What is the best source of minerals for gardening in Seattle area?
1. The Seattle area is Zone 8
2. Local cultivated soils may often be deficient in nitrogen but are not likely to need supplementation with other minerals. Are you working on the basis of a soil test conducted by a soils lab? It is quite possible to overload your soil with nutrients and produce a toxicity; phosphorus effectively does not leach so that over-applications of that commonly used primary nutrient have to be corrected by removal and replacement of the soil so affected. Kitchen gardening references that babble about pouring on compost and nutrients without limit are wrong, even the mineral content of composted plant debris, kitchen scraps etc. can soon produce an excess.
I want to mix my own fertilizer for growing seedlings.
Seattle area is zone 8, but local area where I live by conditions is much more zone 7.
I always used Espoma brand which is what was available here in regular gardening centers & box stores.
You can get it online but shipping is usually cost prohibitive.
Both greensand and rock phosphate are listed in Product section under Organic Supplements.
Don't know where you are in reference to Seattle but you only need enter your zip code to find places where it may be available.
I used the greensand as one of MANY things to try loosening up hard clay here in New Jersey. Greensand is naturally found in Southern Jersey while I live in the clay capitol of the state.
Here is a link that might be useful: Zip 98101 places where Espoma products available
If you are in Brier you are well within USDA 8. Many people do not understand the USDA Hardiness Zones, which are based on average annual minimum temperatures for specific 15 year periods. To be in USDA 7 you have to have had a 15 year average that falls between 0F and 10F, not occasional temperatures within this range.
If you compare zone maps of western WA USDA 8 pretty much lines up with Sunset 4 and 5, with Sunset 4 being USDA 8a and Sunset 5 being USDA 8b. With both the USDA Hardiness Zones and the Sunset Climate Zones the designators are using official climate records to form their interpretations. Where the USDA mapping sometimes falls apart noticeably is here in the mountainous west where the zones are drawn stretched into contiguous bands, resulting in lowlands and mountains being shown in the same zones part of the time.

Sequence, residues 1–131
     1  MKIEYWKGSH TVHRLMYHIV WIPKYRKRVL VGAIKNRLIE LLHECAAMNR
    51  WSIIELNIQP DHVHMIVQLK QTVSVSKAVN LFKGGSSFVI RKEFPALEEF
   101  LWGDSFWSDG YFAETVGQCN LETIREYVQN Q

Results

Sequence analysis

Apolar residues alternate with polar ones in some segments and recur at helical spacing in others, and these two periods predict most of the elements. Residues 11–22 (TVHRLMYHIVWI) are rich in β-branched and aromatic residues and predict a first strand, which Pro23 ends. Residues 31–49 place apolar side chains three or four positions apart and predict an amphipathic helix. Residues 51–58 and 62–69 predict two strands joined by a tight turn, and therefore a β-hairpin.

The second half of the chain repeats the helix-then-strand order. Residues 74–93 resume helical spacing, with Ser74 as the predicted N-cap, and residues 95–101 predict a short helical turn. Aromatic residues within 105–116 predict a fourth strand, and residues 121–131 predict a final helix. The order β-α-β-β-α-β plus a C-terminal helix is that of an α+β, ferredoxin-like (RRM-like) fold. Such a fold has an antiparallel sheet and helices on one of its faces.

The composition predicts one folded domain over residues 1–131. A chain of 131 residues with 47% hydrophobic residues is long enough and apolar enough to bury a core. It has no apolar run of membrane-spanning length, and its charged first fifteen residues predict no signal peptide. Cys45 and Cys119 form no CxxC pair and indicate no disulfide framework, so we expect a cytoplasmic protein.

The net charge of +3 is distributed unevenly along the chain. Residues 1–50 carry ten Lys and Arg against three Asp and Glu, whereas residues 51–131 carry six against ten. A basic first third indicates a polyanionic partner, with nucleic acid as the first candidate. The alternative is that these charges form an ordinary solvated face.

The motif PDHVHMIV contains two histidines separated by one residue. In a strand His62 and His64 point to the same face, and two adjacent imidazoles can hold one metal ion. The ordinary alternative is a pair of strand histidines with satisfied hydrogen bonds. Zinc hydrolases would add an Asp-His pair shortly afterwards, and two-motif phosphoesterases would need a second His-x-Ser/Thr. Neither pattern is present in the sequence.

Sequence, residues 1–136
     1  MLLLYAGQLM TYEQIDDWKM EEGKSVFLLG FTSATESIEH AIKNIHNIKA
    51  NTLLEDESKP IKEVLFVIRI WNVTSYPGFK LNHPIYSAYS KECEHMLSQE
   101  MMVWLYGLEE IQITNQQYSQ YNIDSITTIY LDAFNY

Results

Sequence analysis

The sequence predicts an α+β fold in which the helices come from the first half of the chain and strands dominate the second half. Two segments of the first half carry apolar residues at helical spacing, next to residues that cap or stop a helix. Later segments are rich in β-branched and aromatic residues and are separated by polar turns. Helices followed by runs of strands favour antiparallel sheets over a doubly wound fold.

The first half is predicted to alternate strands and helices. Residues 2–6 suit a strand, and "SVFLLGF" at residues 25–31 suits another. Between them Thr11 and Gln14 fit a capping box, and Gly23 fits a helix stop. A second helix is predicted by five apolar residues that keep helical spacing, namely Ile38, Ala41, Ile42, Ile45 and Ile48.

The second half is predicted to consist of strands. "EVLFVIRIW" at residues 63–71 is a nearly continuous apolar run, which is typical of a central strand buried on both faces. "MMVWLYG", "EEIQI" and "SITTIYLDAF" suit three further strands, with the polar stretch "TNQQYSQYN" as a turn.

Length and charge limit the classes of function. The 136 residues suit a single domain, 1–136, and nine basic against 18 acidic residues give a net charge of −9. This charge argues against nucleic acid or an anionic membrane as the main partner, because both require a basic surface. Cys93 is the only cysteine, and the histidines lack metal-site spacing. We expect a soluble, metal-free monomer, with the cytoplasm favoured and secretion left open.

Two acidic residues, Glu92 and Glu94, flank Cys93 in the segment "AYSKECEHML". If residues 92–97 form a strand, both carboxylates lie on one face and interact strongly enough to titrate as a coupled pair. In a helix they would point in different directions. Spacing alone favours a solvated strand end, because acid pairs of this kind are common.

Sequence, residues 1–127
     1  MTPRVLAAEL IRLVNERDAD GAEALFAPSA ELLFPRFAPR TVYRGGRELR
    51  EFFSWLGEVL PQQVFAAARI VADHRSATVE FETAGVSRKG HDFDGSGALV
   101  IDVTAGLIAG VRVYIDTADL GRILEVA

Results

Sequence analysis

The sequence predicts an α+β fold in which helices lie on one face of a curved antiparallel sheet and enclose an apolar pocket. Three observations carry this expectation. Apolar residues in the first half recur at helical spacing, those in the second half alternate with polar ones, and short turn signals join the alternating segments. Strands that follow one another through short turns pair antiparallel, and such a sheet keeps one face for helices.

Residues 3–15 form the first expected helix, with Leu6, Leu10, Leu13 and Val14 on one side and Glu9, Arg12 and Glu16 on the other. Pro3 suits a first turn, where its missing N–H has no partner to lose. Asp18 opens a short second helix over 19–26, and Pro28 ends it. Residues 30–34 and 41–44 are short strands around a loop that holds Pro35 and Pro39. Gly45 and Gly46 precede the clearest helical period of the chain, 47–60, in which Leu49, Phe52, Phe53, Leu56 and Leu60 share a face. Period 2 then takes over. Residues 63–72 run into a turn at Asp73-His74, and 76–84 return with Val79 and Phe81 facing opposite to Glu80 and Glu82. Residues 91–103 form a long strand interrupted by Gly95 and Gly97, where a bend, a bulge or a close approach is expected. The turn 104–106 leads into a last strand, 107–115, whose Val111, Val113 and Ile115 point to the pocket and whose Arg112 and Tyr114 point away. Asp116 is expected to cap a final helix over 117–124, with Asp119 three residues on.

This post was edited by bboy on Wed, Jan 15, 14 at 16:08
not sure if it is a "best" source, but Sky nursery lists that they carry those.
Way long ago, PCC used to have those, and then there was another guy who sold those up on 99 in south everett. but I've long since forgotten the name.
Maybe even Manna milling in Mountlake terrace may know a source.
And coop supply in Everett may carry them.
And what about all the new "Green" growers and their supplies-- saw one somewhere along 99 in Lynnwood that has grow lights etc.
Not sure where you are... but if you have a Grange or feed supply store near you, check with them. I used to get that kind of stuff at the Grange in Redmond before they closed down. Issaquah also has that kind of stuff, but a little more expensive. Often these grange and feed stores are cheaper than the nurseries that sell the same stuff in smaller bags.
But I would also question whether or not you even need it. A good seed mix doesn't need or want much for fertilizers, its more about the soil texture and drainage/water retention than it is about fertility initially. The seeds themselves provide most of what they need, and if you DO need a fertilizer, my experience is you are better with a liquid low level fert than the typical stuff you would make from these ingredients. Fish tank water worked the best for me actually. Fish emulsion or seaweed tea is supposed to work pretty well too. These will get used quickly, and flush out before building up too much.
Just my two cents. I rarely do seeds though, so maybe not worth so much.
I've purchased at Skagit Farmer's Coop (now Country Store) when we were nearby. At both the Stanwood & Freeland stores I've seen a wide range of soil amendments there at reasonable prices as compared to feed stores in the SE King county area.
In Seattle, Walt's Organics has premixed as well as individual ingredients: http://www.waltsorganic.com/index.html
Here is a link that might be useful: Country Store
The major source of rock phosphate (phosphorous source) is from strip mining in the heart of Florida's natural and agricultural lands. Nearly half a million acres have been destroyed and the devastation continues as we speak. There are other sources for this component of fertilizer. E.g. in milorganite.
With a lot of it being sold to people that don't need it.